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Santa Barbara County Sheriff’s Office releases 2020 crime statistics

SANTA BARBARA COUNTY, Calif. - The Santa Barbara County Sheriff's Office released their 2020 crime statistics on Friday showing an overall 18% increase in serious crimes throughout the county when compared with 2019 statistics.

The sheriff's office collects information about crimes occurring within its communities and submits the information to the FBI's Uniform Crime Reports system. The system breaks these reports down into two separate categories: Part 1 crimes, which are more serious in nature, and Part 2 crimes, which include lesser criminal offenses and some juvenile status offenses. Part 1 crimes can be further broken down into violent crime and property crime. Violent crimes include murder, forcible rape, robbery and aggravated assault. Property crimes include theft-related offenses that do not involve a threat or use of force against a victim such as vehicle theft.

The sheriff's office said Part 1 violent crime was up by 7% overall in 2020, with the most significant jumps being a 71% increase in rape and 32% increase in robbery. Part 1 property crime was 20% higher than the previous year; this included a 73% increase in motor vehicle theft, 27% increase in theft and 138% increase in arson.

Despite these numbers, Part 2 crime was noted as having decreased by 15% overall. The sheriff's office said detailed analysis showed almost all categories of Part 2 crimes had either gone down or remained close to the same as in 2019. Two exceptions to these trends were DUI violations, which increased by 17%, and disorderly conduct which increased by 28%. Other categories which saw significant decreases included simple assault which saw an 18% drop, public drunkenness which dropped by 32% and sex offenses which dropped by 28%.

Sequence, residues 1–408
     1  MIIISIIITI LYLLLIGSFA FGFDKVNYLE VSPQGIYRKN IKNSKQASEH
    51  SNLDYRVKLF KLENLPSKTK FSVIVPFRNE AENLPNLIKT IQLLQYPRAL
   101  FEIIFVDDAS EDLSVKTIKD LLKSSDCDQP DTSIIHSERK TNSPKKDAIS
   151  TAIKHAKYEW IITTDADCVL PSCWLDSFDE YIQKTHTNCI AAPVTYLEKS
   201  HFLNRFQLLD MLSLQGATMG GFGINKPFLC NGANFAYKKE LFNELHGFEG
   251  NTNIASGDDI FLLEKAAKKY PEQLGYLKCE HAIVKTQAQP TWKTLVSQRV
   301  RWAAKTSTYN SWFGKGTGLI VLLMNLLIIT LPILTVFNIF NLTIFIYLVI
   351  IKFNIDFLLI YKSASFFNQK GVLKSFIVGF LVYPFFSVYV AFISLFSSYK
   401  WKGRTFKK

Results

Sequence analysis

Juvenile offenses, including curfew violations and runaways, dropped by 39% in 2020.

“2020 brought significant challenges and changes to the criminal justice system in Santa Barbara County, including a significantly reduced jail population due to the adoption of emergency zero-dollar bail practices at the state and local level," said Sheriff Bill Brown. "We are concerned that those changes may have had a negative impact on crime rates, and, in-turn, resulted in an increased fear of crime in our communities. We are closely scrutinizing this crime data and will continue to seek ways to maintain public safety by targeting certain criminals, but also by holding offenders accountable through alternatives to jail.  These include working with our criminal justice partners to enhance offender supervision, provide additional mental health and substance abuse-related services, and strengthen education-based recidivism reduction efforts for those who are in custody.”

For more information, visit the sheriff's office website here.

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Jessica Brest

Jessica Brest is a digital journalist and assignment editor for NewsChannel 3-12. To learn more about Jessica, click here.

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